Lack of recognition by media

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After the second annual Dyke March in New York City on June 25, 1994, there was a lack of media coverage of the event in spite of attendance numbers reaching 20,000.[16] The New York Times was the only major newspaper that published a mention, albeit brief, about the march. The Lesbian Avengers perceived the overall silence to be a "media blackout", resulting in an aggressive media campaign.[16]

Concurrent with the international march on the United Nations on June 26, 1994, commemorating the 25th anniversary of the Stonewall uprising,[17] the Gay and Lesbian Alliance Against Defamation (GLAAD) issued a press release about Stonewall that failed to recognize the existence of the Dyke March.[16] The Lesbian Avengers confronted the organization about this oversight, and GLAAD re-issued the press release with the addition of a sentence acknowledging the absence of mainstream media coverage about the march.[16]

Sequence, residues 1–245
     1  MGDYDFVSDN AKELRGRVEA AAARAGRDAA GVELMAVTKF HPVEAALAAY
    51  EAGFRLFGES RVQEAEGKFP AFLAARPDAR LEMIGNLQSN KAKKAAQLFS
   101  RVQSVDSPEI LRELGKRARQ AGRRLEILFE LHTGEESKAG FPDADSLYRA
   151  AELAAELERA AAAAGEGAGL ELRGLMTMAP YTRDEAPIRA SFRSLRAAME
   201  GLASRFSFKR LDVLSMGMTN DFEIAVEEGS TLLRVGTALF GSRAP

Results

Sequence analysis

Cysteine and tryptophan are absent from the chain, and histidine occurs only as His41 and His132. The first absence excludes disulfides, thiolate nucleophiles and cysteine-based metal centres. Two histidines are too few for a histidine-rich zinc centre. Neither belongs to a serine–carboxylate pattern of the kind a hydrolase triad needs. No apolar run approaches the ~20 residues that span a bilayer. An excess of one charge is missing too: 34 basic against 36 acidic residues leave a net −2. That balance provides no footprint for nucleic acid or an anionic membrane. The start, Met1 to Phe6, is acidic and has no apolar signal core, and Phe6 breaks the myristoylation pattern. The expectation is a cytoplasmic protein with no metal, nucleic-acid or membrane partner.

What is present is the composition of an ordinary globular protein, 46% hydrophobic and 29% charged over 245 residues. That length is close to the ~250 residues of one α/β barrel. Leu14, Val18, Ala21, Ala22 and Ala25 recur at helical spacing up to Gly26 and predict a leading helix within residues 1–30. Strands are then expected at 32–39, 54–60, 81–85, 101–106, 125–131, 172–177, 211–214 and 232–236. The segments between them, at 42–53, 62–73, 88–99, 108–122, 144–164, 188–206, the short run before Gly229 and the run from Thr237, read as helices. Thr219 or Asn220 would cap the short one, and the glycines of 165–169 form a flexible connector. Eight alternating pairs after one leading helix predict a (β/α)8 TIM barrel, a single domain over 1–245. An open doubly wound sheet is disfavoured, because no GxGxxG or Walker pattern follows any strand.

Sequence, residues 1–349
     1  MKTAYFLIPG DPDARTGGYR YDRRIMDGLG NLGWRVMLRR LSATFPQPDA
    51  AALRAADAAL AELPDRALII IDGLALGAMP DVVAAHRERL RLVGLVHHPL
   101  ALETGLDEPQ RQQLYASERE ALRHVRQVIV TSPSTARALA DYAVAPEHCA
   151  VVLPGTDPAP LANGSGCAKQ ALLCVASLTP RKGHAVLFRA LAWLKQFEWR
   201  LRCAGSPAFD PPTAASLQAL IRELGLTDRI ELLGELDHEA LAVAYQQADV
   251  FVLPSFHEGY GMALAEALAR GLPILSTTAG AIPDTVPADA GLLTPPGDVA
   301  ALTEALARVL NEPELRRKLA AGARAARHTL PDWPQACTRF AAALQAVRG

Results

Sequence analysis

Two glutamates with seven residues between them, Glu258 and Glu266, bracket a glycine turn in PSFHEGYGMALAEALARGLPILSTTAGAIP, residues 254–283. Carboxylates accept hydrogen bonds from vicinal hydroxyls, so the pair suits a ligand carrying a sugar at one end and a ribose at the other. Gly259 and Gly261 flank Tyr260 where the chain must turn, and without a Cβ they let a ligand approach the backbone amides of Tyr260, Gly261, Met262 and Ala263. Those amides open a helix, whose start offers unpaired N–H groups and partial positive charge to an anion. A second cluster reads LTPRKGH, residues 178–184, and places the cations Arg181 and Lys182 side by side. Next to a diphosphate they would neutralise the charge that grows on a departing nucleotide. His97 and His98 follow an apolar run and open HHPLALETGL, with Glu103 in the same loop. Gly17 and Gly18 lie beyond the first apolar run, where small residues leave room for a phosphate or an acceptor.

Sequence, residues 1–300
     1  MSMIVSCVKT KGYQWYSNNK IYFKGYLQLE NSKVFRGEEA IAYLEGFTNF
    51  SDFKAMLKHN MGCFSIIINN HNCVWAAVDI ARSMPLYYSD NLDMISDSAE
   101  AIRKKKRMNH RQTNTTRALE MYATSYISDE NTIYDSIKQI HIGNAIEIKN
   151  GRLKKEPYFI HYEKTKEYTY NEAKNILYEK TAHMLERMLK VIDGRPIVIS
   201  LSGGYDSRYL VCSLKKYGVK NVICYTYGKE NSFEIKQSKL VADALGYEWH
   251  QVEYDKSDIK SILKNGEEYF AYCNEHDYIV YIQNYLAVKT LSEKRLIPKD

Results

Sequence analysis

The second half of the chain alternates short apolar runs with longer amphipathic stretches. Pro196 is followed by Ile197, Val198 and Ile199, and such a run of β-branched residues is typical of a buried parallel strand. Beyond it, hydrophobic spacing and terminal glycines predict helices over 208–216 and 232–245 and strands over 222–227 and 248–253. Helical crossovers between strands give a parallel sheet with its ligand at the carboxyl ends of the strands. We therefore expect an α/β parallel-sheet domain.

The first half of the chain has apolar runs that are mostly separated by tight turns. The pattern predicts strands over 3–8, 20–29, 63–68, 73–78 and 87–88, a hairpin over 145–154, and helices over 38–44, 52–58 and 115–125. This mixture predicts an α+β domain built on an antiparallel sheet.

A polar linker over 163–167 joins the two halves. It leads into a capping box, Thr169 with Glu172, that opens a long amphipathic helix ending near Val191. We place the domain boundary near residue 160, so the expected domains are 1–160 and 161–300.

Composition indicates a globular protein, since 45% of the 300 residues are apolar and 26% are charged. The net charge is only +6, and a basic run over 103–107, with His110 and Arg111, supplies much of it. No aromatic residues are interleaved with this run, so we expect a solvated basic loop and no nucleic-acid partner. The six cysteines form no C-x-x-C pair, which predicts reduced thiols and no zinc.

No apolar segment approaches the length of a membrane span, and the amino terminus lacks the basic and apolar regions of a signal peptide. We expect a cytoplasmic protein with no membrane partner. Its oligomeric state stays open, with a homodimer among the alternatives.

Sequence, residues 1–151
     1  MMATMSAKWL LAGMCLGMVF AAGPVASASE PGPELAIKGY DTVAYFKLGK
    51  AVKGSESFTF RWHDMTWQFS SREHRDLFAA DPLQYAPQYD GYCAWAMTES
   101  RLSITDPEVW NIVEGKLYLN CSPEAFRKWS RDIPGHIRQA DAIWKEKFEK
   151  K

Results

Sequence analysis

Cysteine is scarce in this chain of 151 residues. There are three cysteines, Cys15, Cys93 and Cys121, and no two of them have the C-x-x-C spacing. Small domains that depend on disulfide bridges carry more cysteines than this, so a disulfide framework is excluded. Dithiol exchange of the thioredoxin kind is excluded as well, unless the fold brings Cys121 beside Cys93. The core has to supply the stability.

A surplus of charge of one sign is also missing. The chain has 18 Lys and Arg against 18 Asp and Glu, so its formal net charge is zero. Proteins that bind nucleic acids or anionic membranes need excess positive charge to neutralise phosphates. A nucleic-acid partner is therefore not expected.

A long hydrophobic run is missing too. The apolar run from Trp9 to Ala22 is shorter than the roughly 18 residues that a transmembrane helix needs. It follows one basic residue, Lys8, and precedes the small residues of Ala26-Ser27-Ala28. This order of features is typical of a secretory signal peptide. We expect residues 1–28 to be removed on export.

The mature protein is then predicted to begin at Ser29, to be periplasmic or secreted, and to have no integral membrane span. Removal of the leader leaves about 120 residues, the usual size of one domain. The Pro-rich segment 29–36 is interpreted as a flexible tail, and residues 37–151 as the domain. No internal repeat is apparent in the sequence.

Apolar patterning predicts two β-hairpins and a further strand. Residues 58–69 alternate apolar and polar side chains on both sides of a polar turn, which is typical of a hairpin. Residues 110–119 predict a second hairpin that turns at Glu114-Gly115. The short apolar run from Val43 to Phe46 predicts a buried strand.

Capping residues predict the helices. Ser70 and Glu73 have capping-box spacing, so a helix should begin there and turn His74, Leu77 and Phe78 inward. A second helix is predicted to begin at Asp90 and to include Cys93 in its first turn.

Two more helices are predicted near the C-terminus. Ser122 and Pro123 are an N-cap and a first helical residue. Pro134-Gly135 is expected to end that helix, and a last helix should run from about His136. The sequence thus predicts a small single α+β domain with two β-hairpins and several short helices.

International Dyke march events

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Europe

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Germany

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Dyke March, Berlin, Germany, 2018

As of 2023, there are dyke marches in more than twenty cities and regions in Germany. The nationwide network of "Dyke* March Germany" is gathering information on all of the dyke marches in Germany on their Instagram account.[18]

There is a yearly dyke march in Hamburg and since 2014 in Cologne, Germany.[19] Since 2017 also in Heidelberg, and since 2018 in Oldenburg.[20]

The Berlin Dyke March has been in operation since 2013 in the LGBT-friendly neighborhood of Kreuzberg.[21] The march occurs annually in June, on the day before the Berlin Pride Parade.[citation needed]

As of 2023, there are dyke marches planned throughout the year in Berlin, Bielefeld,[citation needed] Braunschweig,[citation needed] Bremen,[citation needed] Erfurt,[citation needed] Frankfurt,[citation needed] Göttingen,[citation needed] Hamburg, Hannover,[citation needed] Köln, Lüneburg,[citation needed] München, Münster,[citation needed] Nürnberg, Oldenburg, Rhein-Neckar,[citation needed] the Ruhr area (three dyke marches each year),[22][better source needed] Weimar,[citation needed] and Würzburg.[citation needed]